Absent that resolution, legislators are supposed to adhere to a 2011 budget deal that sets annual spending caps for both civilian and military programs. The two sectors are supposed to move in lockstep. But Republicans have proposed an increase in military spending that could top $60 billion, while shrinking civilian spending by $4 billion. Many Democrats would be happy to boost military spending, too, but only if Congress scraps the caps and approves a big hike for civilian programs as well.
Culberson says that such a deal would let him increase funding for some programs now being squeezed in his bill. “We’re counting on a bigger overall budget deal that hopefully will give us a little more room to take care of some of these important things,” he told his colleagues on both sides of the aisle. “But until we get that, it’s going to be tough.”
Given that jockeying, and the White House’s apparent hostility to research spending, many research lobbyists have embraced a “flat is the new up” mentality for science budgets. That approach runs counter to the community’s traditional push for steadily growing budgets, but it may be more realistic in the current political climate.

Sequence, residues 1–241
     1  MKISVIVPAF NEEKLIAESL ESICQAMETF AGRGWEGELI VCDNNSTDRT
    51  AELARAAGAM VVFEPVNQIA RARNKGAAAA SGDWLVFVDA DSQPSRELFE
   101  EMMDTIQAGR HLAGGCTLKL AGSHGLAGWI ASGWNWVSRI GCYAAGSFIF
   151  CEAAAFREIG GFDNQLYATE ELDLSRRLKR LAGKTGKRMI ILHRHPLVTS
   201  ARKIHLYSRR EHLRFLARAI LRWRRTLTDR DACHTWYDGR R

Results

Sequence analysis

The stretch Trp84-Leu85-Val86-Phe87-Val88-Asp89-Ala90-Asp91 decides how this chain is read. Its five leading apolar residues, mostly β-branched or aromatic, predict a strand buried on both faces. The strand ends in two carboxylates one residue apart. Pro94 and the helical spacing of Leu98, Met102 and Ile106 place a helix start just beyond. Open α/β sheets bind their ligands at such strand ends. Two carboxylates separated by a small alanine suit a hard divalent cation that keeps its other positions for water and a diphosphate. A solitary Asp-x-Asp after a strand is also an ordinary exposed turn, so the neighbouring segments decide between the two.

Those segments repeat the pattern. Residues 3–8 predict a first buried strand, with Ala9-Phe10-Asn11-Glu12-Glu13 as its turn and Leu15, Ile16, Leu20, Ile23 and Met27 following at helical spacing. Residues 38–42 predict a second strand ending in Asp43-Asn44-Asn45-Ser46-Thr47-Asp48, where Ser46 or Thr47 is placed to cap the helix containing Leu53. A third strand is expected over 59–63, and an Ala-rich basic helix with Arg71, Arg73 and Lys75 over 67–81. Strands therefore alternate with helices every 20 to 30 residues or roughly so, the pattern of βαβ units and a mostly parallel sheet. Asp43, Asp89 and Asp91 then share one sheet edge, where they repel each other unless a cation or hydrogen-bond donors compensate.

Many important numbers are pending. Lawmakers have yet to release spending bills covering the National Institutes of Health (NIH)—which accounts for about half of all civilian basic research dollars—the Centers for Disease Control and Prevention (CDC), and the Environmental Protection Agency (EPA). Trump has targeted all of those agencies for large cuts. But lawmakers have strongly condemned the NIH and CDC cuts at recent budget hearings, raising hopes that both agencies will escape the ax. The outlook for EPA, which has fewer fans on the Republican side, might be grimmer.
Republican leaders want to finish these and other House bills before the August recess. But the Senate is unlikely to move as quickly. Most observers expect current spending levels to be extended well into the 2018 year, which begins 1 October, before Congress reaches a final agreement. That means researchers may have a long wait before they learn the fate of their favorite federal funding source.